What do we really know about fracturing?

The goal of any credible cryonics organization is to develop reversible cryopreservation to avoid passing on problems with the cryopreservation process itself to the next generation. While there is a lot of recognition for the need to eliminate cryoprotectant toxicity, it is rather obvious that it will not be possible to restore integrated function in a fractured brain.

The 2011 3rd Quarter issue of Cryonics magazine features a comprehensive update on intermediate temperature storage (ITS) by Dr. Brian Wowk. This article contains an important observation:

“Acoustic events consistent with fracturing were found to be universal during cooling through the cryogenic temperature range. They occurred whether patients were frozen or vitrified. If cryoprotection is good, they typically begin below the glass transition temperature (-123°C for M22 vitrification solution). If cryoprotective perfusion does not go well, then fracturing events begin at temperatures as warm as -90°C. Higher fracturing temperatures are believed to occur when tissue freezes instead of vitrifies because freezing increases the glass transition temperature of solution between ice crystals. The temperature at which fractures begin is therefore believed to be a surrogate measure of goodness of cryoprotection, with lower temperatures being better.”

This is an important observation because one of the arguments that is still being made against intermediate temperature storage is that Alcor routinely records fracturing events above the nominal glass transition temperature (Tg) of the vitrification solution. But if we recognize that such events can be (partly) attributed to ice formation due to ischemia-induced perfusion impairment it should be obvious that the recording of fracturing events above Tg as such cannot be an argument against ITS. After all, we also do not argue against the use of vitrification solutions because ice formation will still occur in ischemic patients that are perfused with vitrification solutions. Because cryonics patients almost invariably suffer some degree of ischemia prior to cryoprotective perfusion and cryopreservation, our knowledge about fracturing events in “ideal” human cases remains incomplete.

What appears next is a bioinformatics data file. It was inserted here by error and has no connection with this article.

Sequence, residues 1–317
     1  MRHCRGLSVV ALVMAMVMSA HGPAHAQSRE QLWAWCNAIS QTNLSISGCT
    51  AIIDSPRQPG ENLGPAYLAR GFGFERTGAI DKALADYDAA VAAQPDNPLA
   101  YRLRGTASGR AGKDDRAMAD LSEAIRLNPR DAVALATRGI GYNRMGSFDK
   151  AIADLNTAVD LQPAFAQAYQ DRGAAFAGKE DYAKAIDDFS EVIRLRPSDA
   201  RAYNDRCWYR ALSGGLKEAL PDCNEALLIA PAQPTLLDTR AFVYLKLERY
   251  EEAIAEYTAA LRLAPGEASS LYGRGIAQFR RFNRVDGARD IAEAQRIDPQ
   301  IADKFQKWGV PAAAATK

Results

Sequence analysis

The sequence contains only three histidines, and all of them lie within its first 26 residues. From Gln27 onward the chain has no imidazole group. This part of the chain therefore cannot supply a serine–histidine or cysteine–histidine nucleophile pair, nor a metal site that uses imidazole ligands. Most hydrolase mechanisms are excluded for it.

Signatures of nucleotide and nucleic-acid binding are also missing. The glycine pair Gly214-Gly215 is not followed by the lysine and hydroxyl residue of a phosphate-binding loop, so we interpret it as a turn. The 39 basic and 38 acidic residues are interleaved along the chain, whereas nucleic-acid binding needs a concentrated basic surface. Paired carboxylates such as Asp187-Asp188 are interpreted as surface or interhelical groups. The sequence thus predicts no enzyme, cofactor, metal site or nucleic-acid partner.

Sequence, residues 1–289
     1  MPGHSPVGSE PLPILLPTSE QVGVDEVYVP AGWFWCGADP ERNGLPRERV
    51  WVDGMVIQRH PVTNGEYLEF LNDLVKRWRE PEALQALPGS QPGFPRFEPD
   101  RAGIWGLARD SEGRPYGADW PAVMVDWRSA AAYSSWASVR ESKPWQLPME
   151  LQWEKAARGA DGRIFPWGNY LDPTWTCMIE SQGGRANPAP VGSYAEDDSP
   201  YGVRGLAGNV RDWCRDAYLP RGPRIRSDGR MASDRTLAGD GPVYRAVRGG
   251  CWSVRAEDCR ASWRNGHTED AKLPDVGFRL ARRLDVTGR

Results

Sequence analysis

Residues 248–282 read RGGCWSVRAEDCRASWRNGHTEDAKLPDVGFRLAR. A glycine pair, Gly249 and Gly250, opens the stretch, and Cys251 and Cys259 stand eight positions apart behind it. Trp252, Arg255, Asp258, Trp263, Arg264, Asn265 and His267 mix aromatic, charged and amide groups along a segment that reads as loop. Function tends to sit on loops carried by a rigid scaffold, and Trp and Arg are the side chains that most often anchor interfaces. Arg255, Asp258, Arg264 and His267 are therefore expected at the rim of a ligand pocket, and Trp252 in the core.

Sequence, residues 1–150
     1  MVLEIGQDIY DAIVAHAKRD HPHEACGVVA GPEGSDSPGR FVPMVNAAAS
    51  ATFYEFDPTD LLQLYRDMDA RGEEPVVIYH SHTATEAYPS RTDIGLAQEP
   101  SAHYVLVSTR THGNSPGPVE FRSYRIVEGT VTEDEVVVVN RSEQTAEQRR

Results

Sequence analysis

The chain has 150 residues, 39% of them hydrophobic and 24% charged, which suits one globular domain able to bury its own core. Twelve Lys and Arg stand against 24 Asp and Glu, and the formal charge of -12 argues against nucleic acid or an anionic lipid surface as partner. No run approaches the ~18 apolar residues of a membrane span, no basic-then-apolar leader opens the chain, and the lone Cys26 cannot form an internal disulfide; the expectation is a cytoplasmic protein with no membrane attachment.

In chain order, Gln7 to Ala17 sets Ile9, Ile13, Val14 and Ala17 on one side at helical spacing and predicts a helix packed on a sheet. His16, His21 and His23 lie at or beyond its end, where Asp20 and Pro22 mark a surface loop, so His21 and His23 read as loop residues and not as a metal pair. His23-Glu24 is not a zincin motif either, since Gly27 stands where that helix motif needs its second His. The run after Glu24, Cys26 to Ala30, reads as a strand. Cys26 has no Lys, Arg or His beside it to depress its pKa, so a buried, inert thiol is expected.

Hugh Hixon has developed a “crackphone” to detect acoustic events that are presumed to reflect fracturing events. A preliminary survey of the data reveals, roughly, that the first temperature at which cracking events are recorded is lower for the newer generation of vitrification solutions than for the older glycerol solutions. Does this mean that fracturing occurs at lower temperatures in “vitrified” patients? “The lowest first fracturing event recorded at Alcor was at a temperature of -134°C for M22.”

Is this what we can expect for M22 for all patients, or was this an “ideal” case, too? Would -130°C be a safe storage temperature? Does molecular-scale ice nucleation, as distinct from ice growth, constitute damage? Despite all the articles and discussions that have been devoted to the topic of intermediate temperature storage, we do not seem to know much yet about fracturing in (large) tissues that are well equilibrated with a vitrification solution and subjected to a responsible cooling protocol. While the crackphone data seem to support the use of the newer vitrification solutions for reducing fracturing, controlled studies of fracturing in vitrified tissues will need to be conducted in a lab to really understand what we can expect under ideal (non-ischemic) circumstances.

Originally published as a column (Quod incepimus conficiemus) in Cryonics magazine July 2013